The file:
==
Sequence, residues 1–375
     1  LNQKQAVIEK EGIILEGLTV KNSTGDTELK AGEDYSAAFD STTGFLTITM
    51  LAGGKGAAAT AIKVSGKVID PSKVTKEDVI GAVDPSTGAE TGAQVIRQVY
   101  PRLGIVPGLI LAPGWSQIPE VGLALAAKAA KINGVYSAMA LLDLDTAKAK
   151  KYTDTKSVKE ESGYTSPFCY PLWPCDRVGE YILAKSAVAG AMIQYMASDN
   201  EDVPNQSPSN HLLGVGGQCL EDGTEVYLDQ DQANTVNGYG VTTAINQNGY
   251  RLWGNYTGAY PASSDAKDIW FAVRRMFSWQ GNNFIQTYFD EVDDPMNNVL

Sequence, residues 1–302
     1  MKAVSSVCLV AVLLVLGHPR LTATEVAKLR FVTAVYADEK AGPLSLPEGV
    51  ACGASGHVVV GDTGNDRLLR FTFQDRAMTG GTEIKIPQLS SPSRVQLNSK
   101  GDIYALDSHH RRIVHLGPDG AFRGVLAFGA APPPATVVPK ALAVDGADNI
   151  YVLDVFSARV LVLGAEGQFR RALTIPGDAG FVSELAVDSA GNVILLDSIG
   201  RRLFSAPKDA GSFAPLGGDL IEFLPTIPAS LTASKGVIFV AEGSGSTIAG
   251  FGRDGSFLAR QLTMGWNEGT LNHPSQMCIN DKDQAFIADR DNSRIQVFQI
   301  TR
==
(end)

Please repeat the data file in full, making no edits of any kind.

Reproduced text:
Sequence, residues 1–375
     1  LNQKQAVIEK EGIILEGLTV KNSTGDTELK AGEDYSAAFD STTGFLTITM
    51  LAGGKGAAAT AIKVSGKVID PSKVTKEDVI GAVDPSTGAE TGAQVIRQVY
   101  PRLGIVPGLI LAPGWSQIPE VGLALAAKAA KINGVYSAMA LLDLDTAKAK
   151  KYTDTKSVKE ESGYTSPFCY PLWPCDRVGE YILAKSAVAG AMIQYMASDN
   201  EDVPNQSPSN HLLGVGGQCL EDGTEVYLDQ DQANTVNGYG VTTAINQNGY
   251  RLWGNYTGAY PASSDAKDIW FAVRRMFSWQ GNNFIQTYFD EVDDPMNNVL

Sequence, residues 1–302
     1  MKAVSSVCLV AVLLVLGHPR LTATEVAKLR FVTAVYADEK AGPLSLPEGV
    51  ACGASGHVVV GDTGNDRLLR FTFQDRAMTG GTEIKIPQLS SPSRVQLNSK
   101  GDIYALDSHH RRIVHLGPDG AFRGVLAFGA APPPATVVPK ALAVDGADNI
   151  YVLDVFSARV LVLGAEGQFR RALTIPGDAG FVSELAVDSA GNVILLDSIG
   201  RRLFSAPKDA GSFAPLGGDL IEFLPTIPAS LTASKGVIFV AEGSGSTIAG
   251  FGRDGSFLAR QLTMGWNEGT LNHPSQMCIN DKDQAFIADR DNSRIQVFQI
   301  TR